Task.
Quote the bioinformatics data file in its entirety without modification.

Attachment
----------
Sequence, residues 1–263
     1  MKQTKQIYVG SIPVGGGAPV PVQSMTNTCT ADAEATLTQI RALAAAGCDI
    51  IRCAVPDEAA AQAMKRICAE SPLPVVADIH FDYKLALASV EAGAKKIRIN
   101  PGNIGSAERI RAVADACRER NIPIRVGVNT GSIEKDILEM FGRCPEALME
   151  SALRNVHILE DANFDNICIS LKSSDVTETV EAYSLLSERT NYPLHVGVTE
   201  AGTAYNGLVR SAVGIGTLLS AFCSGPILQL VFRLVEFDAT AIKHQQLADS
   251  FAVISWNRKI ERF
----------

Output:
Sequence, residues 1–263
     1  MKQTKQIYVG SIPVGGGAPV PVQSMTNTCT ADAEATLTQI RALAAAGCDI
    51  IRCAVPDEAA AQAMKRICAE SPLPVVADIH FDYKLALASV EAGAKKIRIN
   101  PGNIGSAERI RAVADACRER NIPIRVGVNT GSIEKDILEM FGRCPEALME
   151  SALRNVHILE DANFDNICIS LKSSDVTETV EAYSLLSERT NYPLHVGVTE
   201  AGTAYNGLVR SAVGIGTLLS AFCSGPILQL VFRLVEFDAT AIKHQQLADS
   251  FAVISWNRKI ERF